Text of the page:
March 12, 2017

Why Evolution May Be More Important to the Church Than I Once Believed

Why Evolution May Be More Important to the Church Than I Once Believed

My background is steeped in Young Earth Creationism (YEC). I heard it taught as gospel truth by my parents, my high school, my college, and every church I attended for a long time. I was trained to believe that churches which didn’t teach YEC were “liberal” or “apostate” or at least “compromisers.” And I personally spent five years working for Answers in Genesis (the ministry of Ken Ham), where I vigorously defended the YEC message myself.

According to YEC, Darwinian evolution is a lie, and it’s a dangerous lie at that. YEC teaches (and I used to agree) that even allowing for the possibility of evolution would result in all manner of evils in society. The church has to get this right, I believed, or everything else would all go downhill.

When I began making my exit from fundamentalism, it had more to do with questions about hell and atonement, matters of peace and justice, the character of God, and the nature of the Bible. So I basically shelved the question of human origins. God created us—on that much I was certain—but does it really matter whether he created over seven literal days or over millions of years? I had come to the point where I simply didn’t see the debate as very important.

But I’ve been reflecting more on these matters lately, and I’m beginning to wonder whether the Young Earthers may have actually been onto something. Not about their scientific or historical claims, of course; those are bunk, plain and simple. Yet could their sense of urgency to get this right have been on target?

If YEC claims were correct, it would mean that God created humans specifically to be a certain way—that God had a meticulous design for us, and that if we deviate from that design, we are therefore outside of God’s will. It would reinforce the so-called “creation order” that Christians have used for so long to dictate relations between the sexes, i.e., to subordinate women and demonize the LGBTQ community.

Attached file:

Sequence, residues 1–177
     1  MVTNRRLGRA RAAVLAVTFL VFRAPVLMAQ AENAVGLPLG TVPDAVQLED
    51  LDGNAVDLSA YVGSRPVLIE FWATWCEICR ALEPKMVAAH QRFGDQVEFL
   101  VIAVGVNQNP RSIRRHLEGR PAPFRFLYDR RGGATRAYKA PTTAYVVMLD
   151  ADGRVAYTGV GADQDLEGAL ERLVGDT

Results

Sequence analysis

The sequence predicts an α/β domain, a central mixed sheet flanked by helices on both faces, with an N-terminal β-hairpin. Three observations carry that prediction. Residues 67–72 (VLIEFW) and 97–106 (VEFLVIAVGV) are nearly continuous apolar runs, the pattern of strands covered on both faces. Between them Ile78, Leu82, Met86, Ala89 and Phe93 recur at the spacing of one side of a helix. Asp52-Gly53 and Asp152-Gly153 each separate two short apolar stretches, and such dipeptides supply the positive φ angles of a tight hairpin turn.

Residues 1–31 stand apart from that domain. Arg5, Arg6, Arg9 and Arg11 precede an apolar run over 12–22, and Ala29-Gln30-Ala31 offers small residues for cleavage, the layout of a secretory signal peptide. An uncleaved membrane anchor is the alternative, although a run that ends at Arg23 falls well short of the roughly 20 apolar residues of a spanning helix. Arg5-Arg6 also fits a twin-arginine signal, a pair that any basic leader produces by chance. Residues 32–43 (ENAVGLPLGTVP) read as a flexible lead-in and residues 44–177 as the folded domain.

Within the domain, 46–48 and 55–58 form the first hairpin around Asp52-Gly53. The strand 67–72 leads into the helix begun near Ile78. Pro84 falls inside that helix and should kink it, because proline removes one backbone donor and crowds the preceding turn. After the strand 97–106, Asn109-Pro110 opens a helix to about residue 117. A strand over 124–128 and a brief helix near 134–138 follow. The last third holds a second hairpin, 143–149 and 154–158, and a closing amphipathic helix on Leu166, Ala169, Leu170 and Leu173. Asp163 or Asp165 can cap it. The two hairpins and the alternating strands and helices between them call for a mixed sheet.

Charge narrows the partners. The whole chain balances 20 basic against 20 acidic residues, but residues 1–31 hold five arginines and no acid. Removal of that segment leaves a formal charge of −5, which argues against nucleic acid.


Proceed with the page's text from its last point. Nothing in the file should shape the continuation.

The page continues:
On the other hand, given the reality of Darwinian evolution, we are forced to face the truth that evolution is how God chose to create—not through a single act of meticulous design, but through a long process of allowing nature take its course. There is no such thing as a “creation order;” we simply are how we have evolved to be. And we are still continuing to evolve. As Christians, we will still want to affirm that God has somehow been involved in the evolutionary process, but we can no longer make the claim that God designed us to be one specific way for all of time.

Thus we are free to affirm the role of women as fully equal to men in all areas of life. And we are free to affirm the LGBTQ community in pursuing their relationships according to their own orientations, rather than an assumed created orientation. We have no “creation order” forcing these groups into molds that they just don’t fit.

We must also own up to the fact that the New Testament arguments based on who came first (such as 1 Corinthians 11:8–9 and 1 Timothy 2:13–14) had a faulty premise and are therefore invalid. Furthermore, contra passages like Romans 1:26–27, humanity has no single created “nature” to contradict. Paul and his successors simply got these things wrong, based on their incorrect understanding of human origins. Humanity has evolved (and continues to evolve) many different natures. We need only follow the royal law of love and be true to our own orientations.

I’ll readily admit that not everyone agrees with these conclusions. There are a few Young Earthers who are nonetheless LGBTQ affirming and female empowering. (Thank God for them!) And there are quite a few Christians who acknowledge the reality of Darwinian evolution, yet continue to perpetuate “creation order” arguments. But I think that these groups must wrestle with some inconsistencies in their reasoning.

I must also acknowledge that I’m merely describing my personal thoughts on the matter (and in an off-the-cuff fashion) because they seem interesting enough to share. I’m not setting out to defend this idea in any depth. But if my thinking here is accurate, then it gives us grounds for correcting two of the most egregious sins the church has perpetuated throughout her history: sexism and homophobia.

I’d love to hear your thoughts!